Indian skipper says it’s important to have a “professional to talk to who can understand what (we are) going through”
Even today, when such things are brought up more candidly, athletes find it difficult to discuss mental health issues. So when Virat Kohli, India’s most adored sportsman does, we realize how ubiquitous it can be – and how much remains to be done.
Kohli recently opened up about his depression during the 2014 England tour when he struggled, achieving just 134 points in ten innings over five tests.
Not the first time
This is not the first time Kohli has spoken about his state of mind on this tour. He mentioned it before the test against Bangladesh about a year and a half ago. A few years earlier, he told a website: “People have fallen into depression and it’s a very dangerous situation. I went through these times… few people realize how much criticism can hit an individual. “
For Kohli, it was a serial thing; during the following tour, in Australia, he made 692 races including four centuries. Others may not have been so lucky.
English cricketers Marcus Trescothick and Graeme Fowler wrote with emotion about the depression that affected their careers and thus highlighted the difference between situational depression, as described by Kohli, and the clinical depression they themselves suffered.
Sometimes it’s hard to tell the difference between the two; clinical requests for drugs and therapies; the danger of a relapse is always present. The situation often changes with changed circumstances.
The case of Pucovski
A few years ago, Australian prodigy Will Pucovski took a six-week hiatus as his career blossomed. Hitting on 64 overnight for Victoria against Western Australia, he told his coach before resuming, “I don’t know what’s going on, and I don’t know why this is happening…” He scored 243 in this sleeve. He was only 20 at the time and then made his debut against India.
“Will’s decision to speak out and continue to seek help with his ongoing mental health is overwhelmingly positive,” said Cricket Australia doctor Richard Saw. Pukovski’s support system and his own acceptance had a positive effect on the treatment of a player seen as the future of Australian cricket.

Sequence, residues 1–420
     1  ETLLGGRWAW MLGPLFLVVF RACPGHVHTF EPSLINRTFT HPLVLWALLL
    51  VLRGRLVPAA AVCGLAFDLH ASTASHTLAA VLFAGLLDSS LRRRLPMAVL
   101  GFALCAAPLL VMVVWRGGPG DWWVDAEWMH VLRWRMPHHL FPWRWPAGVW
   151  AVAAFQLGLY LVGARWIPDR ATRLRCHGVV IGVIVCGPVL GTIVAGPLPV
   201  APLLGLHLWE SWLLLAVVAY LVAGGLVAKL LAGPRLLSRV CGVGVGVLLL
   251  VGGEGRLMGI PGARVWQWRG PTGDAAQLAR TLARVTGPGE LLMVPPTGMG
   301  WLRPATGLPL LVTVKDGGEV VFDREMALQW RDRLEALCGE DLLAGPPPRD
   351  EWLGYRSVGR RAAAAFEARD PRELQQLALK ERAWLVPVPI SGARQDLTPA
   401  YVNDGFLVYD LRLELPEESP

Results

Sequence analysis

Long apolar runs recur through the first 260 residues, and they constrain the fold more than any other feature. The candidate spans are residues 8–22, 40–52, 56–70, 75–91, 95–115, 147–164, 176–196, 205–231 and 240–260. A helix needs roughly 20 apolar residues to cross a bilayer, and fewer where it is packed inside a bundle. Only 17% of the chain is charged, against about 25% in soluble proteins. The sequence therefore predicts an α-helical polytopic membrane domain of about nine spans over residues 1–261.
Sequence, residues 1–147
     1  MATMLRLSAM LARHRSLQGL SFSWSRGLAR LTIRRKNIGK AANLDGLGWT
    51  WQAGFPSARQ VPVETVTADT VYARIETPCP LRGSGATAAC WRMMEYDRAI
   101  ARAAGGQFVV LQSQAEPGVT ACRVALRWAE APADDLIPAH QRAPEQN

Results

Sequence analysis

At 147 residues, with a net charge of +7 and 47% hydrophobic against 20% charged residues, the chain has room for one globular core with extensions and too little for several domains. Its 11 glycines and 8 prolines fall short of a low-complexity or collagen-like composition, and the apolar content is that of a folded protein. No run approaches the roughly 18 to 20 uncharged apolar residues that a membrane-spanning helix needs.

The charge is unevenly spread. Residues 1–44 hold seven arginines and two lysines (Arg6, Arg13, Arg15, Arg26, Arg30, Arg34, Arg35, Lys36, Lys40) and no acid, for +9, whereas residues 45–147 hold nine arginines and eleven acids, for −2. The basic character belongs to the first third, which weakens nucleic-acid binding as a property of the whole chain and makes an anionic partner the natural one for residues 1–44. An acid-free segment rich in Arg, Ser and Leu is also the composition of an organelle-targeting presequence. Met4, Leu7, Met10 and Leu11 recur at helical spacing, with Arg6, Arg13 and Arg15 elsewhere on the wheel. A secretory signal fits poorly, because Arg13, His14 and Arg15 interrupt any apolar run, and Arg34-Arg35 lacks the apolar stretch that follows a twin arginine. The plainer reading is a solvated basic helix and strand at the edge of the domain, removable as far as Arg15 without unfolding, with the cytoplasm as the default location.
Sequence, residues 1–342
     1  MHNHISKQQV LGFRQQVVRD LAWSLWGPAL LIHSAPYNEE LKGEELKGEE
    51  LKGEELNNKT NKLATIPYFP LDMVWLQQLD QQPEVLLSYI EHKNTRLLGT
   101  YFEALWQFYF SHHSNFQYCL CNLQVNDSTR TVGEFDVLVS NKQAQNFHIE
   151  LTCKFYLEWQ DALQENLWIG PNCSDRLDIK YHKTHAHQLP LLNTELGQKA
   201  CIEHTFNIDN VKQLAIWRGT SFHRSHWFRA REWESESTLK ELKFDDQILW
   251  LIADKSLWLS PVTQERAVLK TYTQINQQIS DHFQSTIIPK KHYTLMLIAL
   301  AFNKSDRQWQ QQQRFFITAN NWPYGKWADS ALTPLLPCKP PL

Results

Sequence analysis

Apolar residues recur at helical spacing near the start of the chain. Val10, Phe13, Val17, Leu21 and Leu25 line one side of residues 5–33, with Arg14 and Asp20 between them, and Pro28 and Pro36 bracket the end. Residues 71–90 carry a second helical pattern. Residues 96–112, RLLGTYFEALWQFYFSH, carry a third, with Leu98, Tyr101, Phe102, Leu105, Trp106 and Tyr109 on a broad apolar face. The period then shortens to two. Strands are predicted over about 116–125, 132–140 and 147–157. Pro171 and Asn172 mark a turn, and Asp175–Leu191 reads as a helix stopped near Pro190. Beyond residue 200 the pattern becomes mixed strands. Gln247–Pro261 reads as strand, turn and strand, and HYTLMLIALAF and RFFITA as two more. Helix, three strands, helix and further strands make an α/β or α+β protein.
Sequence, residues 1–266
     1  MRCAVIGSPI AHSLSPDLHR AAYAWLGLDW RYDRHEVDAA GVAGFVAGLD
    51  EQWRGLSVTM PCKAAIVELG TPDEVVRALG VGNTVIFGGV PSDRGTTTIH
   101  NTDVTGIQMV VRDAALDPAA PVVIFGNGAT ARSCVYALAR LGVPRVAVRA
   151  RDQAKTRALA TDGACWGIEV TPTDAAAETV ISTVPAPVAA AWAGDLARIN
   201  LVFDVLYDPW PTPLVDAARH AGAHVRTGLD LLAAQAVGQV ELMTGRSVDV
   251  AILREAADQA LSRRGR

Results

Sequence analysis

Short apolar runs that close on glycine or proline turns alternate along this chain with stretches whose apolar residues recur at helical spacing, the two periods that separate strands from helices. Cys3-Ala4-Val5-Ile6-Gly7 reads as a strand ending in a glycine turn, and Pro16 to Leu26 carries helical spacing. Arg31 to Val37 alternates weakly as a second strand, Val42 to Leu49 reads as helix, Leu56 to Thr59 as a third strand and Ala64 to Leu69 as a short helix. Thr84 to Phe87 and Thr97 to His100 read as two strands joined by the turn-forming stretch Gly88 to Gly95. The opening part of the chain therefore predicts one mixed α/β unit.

This is the kind of support system Kohli calls for. Family and close friends are essential, but he said it was important to have a “professional to talk to and who could understand what (we) are going through”. Such a person must be part of the team.
This is particularly important to deal with a problem that has never existed before – that of managing tours in biosecurity bubbles.
Praveen Kumar, the medium who played 84 internationals for India in three formats, admitted in an interview that he had been so depressed at one point that he had considered suicide.
“I dreamed of a testing career, but suddenly it was gone,” he said, “nobody understands depression in India…”
For so long, mental issues were seen as a sign of weakness that they seemed irrelevant in a chauvinistic activity like competitive sport. Failure, however brief it may be, is part of sport, but it can sometimes cause even the strongest to buckle up. As Fowler wrote, “Cricket is a game of failure. Bradman has scored 100 goals in every three innings, so two-thirds of his career has been a failure… ”
Impact of failure
Former England captain and sitting psychoanalyst Mike Brearley put it this way: “The failure is flagrant and public. Like a deposed king, the dismissed drummer must leave the arena; the bowler is simply removed… ”
In the same room (in Wisden), Brearley says, “Depression is a terrible thing. People find it hard to describe it to those who are not subject to it: darkness, uselessness, uselessness, a nuclear winter of the soul … depressed people cannot concentrate, cannot think, feel lethargic, guilty and irritable. We do not understand enough what it is, why it has grown to such an extent … “
A growing number of players have revealed to have fallen prey: Andrew Flintoff, Matthew Hoggard, Jonathan Trott, Mike Yardy, Iain O’Brien, Glenn Maxwell, Shaun Tait, Sarah Taylor.
It doesn’t always have to be a locker room professional who makes the difference. Often those who have been on the brink and coming back are in a better position to help. There must be a way for cricket to formally use these resources. A player must be able to talk to someone who has been there before.
Derbyshire captain Luke Sutton, who has written a book about his descent and recovery, talks about a chance meeting with Glen Chapple of Lancashire at a London Underground station which began the healing process.
Depression may not be fully understood, but the fact that it exists and needs to be treated cannot be ignored. Kohli got it right.
Awareness is the first step towards understanding the urgency of the problem and handling it with empathy and professional expertise.
Note: The content and images used in this article is rewritten and sourced from www.thehindu.com